Sir Francis Grant, Lord Cullen, 1658 - 1726. Judge (About 1720)
About this artwork
Moray-born Francis Grant trained as a lawyer at the University of Leiden, the Netherlands, between 1684 and 1687. He returned to Scotland where he was admitted to the Faculty of Advocates and afterwards established a flourishing legal practice. In 1709 he was appointed Lord of Session – a judge in the Scottish Supreme Court – and took the title Lord Cullen. A devout Presbyterian and an outspoken unionist, Lord Cullen was also famous for his unclear and chaotic style of writing and pleading at the bar. This half-length portrait is one of John Smibert’s earliest surviving works. Lord Cullen wears the crimson robes and periwig of a Lord of Session. During the early 1700s, the fashion for periwigs reached its peak but by the 1750s only clergymen and judges continued to wear these long wigs.
- title: Sir Francis Grant, Lord Cullen, 1658 - 1726. Judge
- accession number: PG 1521
- artist: John SmibertScottish (1688 - 1751)
- depicted: Sir Francis Grant, Lord Cullen
- gallery: In Storage
- object type: Painting
- subject: The law
- medium: Oil on canvas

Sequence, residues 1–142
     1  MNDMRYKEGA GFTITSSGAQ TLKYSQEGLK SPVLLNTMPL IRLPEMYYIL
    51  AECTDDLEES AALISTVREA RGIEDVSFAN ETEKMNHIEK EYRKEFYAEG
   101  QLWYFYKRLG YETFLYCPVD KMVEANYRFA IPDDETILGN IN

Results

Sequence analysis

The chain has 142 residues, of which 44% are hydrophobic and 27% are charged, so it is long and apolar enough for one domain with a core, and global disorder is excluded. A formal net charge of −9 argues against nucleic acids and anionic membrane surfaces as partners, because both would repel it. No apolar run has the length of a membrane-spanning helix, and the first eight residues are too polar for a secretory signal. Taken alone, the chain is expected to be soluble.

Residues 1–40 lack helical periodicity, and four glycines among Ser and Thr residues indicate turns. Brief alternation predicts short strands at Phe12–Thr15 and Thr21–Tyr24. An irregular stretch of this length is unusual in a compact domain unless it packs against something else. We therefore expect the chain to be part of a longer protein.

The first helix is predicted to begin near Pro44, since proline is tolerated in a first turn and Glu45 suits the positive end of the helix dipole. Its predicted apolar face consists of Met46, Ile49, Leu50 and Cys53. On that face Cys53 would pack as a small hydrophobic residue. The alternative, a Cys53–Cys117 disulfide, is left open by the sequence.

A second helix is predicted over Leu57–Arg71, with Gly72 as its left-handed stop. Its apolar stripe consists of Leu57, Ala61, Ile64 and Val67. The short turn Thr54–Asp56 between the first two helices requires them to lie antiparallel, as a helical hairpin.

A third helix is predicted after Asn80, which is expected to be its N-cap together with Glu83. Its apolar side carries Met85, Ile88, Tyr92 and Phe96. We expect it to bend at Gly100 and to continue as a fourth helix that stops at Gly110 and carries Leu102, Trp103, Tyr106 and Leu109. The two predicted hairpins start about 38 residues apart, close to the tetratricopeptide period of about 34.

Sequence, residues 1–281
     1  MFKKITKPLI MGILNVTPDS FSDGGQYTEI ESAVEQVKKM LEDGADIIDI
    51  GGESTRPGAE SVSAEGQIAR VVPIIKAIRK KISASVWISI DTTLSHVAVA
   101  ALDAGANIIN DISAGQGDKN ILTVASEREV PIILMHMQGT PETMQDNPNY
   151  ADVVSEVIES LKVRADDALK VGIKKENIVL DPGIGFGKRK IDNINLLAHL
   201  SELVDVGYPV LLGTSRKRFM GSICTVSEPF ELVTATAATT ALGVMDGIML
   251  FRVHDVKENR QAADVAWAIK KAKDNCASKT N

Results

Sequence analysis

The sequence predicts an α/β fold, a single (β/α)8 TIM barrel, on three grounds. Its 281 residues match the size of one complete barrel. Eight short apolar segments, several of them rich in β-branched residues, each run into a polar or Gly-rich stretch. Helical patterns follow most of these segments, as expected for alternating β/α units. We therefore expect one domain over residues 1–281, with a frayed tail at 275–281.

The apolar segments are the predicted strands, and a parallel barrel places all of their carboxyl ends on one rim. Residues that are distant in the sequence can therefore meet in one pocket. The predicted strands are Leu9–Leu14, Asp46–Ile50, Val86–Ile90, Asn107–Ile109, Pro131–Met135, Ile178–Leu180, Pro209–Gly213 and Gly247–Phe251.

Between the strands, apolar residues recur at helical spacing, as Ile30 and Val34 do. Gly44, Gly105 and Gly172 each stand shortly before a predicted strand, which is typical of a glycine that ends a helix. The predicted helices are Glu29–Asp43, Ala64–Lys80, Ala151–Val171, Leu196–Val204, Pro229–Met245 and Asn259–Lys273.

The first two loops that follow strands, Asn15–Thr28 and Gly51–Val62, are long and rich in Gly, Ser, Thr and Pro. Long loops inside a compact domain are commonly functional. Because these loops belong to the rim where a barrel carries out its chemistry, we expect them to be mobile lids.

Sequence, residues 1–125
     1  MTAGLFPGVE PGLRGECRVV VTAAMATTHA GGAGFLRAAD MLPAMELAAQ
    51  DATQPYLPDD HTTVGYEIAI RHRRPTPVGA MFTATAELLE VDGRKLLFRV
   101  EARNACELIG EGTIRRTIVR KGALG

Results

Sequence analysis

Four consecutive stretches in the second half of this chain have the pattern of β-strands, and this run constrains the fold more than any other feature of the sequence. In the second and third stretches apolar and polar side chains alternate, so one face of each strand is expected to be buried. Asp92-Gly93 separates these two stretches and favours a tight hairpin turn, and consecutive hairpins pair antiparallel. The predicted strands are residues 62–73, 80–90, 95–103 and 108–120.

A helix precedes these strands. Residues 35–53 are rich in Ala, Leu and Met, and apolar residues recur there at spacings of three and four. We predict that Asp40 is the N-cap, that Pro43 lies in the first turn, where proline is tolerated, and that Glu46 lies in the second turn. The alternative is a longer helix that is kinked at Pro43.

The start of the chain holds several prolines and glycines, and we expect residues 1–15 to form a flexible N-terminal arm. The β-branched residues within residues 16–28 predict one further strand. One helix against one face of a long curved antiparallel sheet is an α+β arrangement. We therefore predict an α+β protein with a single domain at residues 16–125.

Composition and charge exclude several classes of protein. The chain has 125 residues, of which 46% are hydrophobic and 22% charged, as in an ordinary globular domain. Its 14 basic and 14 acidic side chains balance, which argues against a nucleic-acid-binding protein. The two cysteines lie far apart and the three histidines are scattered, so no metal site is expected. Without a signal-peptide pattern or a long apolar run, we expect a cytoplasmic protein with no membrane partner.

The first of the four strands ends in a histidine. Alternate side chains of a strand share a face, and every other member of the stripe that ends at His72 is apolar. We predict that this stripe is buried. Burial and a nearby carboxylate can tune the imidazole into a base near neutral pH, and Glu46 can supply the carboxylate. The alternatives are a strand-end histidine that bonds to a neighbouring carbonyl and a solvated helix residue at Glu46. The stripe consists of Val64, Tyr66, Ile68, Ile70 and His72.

- date created: About 1720
- measurements: 76.50 x 63.50 cm (framed: 91.50 x 78.50 x 6.80 cm)
- credit line: Purchased 1949
- photographer: Antonia Reeve
The son of an Edinburgh wool dyer, John Smibert was apprenticed to a house painter and plasterer before training as an artist in London from 1713. He returned to Edinburgh two years later and soon completed his first portrait commissions. After a stay of three years in Italy during which time he studied the Old Masters, in 1722 he opened a portrait studio in London. By 1728, however, Smibert was persuaded to travel to the British colony of Bermuda in order to teach painting at a college that had not yet been founded. This mission proved unsuccessful and Smibert settled in Boston where he married the well-off daughter of a schoolmaster. He became a man of social standing and a successful portrait painter, who was to have considerable influence on later American portraiture.